• Sherrie Flick ~ Chest Out

    Words string out like clothes­line along each page as Ellen reads in the yard. Thoughts sweep in like tides as she turns each page. She has ques­tions, and they have led her out­side into the ear­ly evening sun.

    The drugs in the draw­er. The dirty sock in –more

  • T.L. Sherwood ~ Birth Control

    The radio was tuned to the local NPR sta­tion so they didn’t have to talk. Tara was glad because each time she thought of some­thing to say, it began with, “Had I known,” and Pete already explained that if he’d told her he was tak­ing her to his –more

  • Pierre L’Grommet ~ Letter to My Doctor

    2010-03-28 21.31.41
    Dear Dr. Hanson, Nurse Cache and Lisa:

    I just want­ed to write this note thank­ing you all for work­ing these many years to keep me upright and nom­i­nal­ly func­tion­al. Very kind of you all, and one of my few fond mem­o­ries of Penurburg, along with the –more

  • Melissa Goode ~ All Roads Lead to the Met

    Elise awoke think­ing about light­hous­es and safe har­bors, or light­hous­es not indi­cat­ing safe har­bors. It must have come from a poem. Louise Glück? She tried to recall the words and stopped when she real­ized she was lying in a bed­room she hadn’t seen –more

  • Greg Bottoms ~ The Dropout


    Death by cop is a more com­mon form of attempt­ed sui­cide than I would have guessed before I became a crime reporter. Among the poor, the des­per­ate, the heart-crushed, the men­tal­ly ill, and the abject­ly lost it is up there with bridge jump­ing –more

  • Kevin Matz ~ Mayonnaise

    for Mike Madonick

    On the rec­om­men­da­tion of a col­league of mine, who says my work lacks vari­ety, I am going to attempt to describe, of all things, a jar of may­on­naise. In his opin­ion a more var­ied sto­ry will arise from this exer­cise. I have my doubts, –more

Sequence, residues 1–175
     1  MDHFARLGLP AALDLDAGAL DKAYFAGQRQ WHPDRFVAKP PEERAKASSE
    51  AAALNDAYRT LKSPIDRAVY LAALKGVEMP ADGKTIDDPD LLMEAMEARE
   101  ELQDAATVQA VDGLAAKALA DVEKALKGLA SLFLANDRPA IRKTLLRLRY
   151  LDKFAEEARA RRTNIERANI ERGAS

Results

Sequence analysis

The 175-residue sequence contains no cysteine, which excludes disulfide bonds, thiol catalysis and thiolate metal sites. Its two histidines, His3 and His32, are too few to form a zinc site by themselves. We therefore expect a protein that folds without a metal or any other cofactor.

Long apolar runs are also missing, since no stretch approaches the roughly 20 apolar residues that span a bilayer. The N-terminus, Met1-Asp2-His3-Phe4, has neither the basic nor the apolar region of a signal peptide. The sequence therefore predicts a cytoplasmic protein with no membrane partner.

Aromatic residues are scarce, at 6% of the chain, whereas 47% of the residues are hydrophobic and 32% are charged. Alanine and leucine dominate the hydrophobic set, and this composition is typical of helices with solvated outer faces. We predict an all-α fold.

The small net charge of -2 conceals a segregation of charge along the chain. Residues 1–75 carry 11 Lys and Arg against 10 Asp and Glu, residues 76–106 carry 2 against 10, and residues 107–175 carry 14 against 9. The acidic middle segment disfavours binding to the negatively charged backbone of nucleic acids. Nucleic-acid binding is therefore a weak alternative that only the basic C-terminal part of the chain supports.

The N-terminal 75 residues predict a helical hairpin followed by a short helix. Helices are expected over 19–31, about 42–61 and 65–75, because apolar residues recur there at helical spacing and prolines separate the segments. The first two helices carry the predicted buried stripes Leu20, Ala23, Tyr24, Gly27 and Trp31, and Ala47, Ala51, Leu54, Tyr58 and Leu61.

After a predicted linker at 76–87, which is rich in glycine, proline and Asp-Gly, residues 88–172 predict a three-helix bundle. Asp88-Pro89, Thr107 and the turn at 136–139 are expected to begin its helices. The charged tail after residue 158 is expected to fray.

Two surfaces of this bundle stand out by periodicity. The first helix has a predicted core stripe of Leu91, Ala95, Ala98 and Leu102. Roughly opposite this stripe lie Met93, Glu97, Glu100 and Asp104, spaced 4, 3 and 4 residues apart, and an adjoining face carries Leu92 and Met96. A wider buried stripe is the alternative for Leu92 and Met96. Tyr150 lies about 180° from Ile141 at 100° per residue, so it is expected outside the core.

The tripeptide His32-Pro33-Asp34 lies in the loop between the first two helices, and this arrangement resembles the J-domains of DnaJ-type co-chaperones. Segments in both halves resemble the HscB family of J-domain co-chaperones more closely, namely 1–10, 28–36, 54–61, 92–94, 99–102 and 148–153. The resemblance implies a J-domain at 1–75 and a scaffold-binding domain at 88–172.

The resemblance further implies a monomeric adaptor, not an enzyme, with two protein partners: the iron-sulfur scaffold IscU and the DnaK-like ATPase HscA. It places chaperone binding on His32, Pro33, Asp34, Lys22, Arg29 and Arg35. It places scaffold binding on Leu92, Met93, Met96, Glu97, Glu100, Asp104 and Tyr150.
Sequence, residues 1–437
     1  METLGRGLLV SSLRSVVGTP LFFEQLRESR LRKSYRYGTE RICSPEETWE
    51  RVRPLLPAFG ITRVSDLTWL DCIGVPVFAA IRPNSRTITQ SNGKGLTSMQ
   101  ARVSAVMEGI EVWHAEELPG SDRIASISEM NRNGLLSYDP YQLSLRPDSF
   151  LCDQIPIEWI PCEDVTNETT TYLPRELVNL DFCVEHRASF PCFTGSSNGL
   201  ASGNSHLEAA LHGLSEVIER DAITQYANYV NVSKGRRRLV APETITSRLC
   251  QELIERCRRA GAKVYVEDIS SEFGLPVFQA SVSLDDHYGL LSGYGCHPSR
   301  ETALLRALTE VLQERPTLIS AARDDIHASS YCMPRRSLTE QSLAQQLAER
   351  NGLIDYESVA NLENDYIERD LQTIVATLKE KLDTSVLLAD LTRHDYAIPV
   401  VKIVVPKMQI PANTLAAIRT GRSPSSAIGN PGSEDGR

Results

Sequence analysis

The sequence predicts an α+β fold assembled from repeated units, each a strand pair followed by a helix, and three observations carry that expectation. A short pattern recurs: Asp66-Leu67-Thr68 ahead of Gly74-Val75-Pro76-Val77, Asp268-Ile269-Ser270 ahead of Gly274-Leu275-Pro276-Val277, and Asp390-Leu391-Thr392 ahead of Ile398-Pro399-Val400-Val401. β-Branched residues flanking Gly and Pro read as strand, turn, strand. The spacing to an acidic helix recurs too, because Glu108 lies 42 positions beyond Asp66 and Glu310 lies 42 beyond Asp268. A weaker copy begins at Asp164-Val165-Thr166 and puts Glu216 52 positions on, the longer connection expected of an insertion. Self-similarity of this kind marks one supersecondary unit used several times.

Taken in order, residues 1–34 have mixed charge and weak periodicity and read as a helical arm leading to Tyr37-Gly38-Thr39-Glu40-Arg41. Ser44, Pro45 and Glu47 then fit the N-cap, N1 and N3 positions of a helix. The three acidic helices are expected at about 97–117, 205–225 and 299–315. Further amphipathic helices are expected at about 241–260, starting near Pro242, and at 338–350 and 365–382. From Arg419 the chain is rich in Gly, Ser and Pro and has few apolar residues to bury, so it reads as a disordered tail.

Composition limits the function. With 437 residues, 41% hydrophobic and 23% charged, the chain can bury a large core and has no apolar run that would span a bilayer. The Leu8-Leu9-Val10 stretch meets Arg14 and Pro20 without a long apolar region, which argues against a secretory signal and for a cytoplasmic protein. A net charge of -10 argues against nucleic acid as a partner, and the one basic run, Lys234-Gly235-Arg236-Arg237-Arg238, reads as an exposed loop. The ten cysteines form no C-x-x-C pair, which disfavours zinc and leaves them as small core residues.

• Lucinda Kempe ~ Brown Sparrow


    Brown Sparrow was asleep in a lin­den tree when the first sui­cide bomber blew up. The two fol­low­ing implo­sions shook her body. She didn’t pause to breathe but left the lin­den tree and flew along the Canal de St. Denis, past the hon­ey locusts, –more

  • Avital Gad-Cykman ~ To Catch Her


    Through the heavy rain hit­ting my win­dow ledge, we see her bal­ance on the tightrope, her arms row­ing in the air. She would give her life for her art, we say to each oth­er. This per­for­mance is the real thing, says a man with a long mus­tache like –more

  • Gary Percesepe ~ Raptors

    The Republicans start­ed their con­ven­tion in Cleveland, Ohio today. The TV is on with the sound mut­ed, and I’ve raised the blinds to look out the win­dow at the two hawks in my back yard. I’m lying in bed as I watch the hawks, who have no idea they –more

  • Nelly Zann ~ I Turn My Music Loud

    My moth­er leaves a tense mes­sage on my phone. “I need you here tomor­row. I’m out of pads.”

    I live nine­ty miles away in New Orleans but I’m on vaca­tion. We haven’t spo­ken in six weeks, since I took my son to vis­it her. She bright­ens around –more

  • Girija Tropp ~ Once I Was Honey

    2012-02-05 17.18.35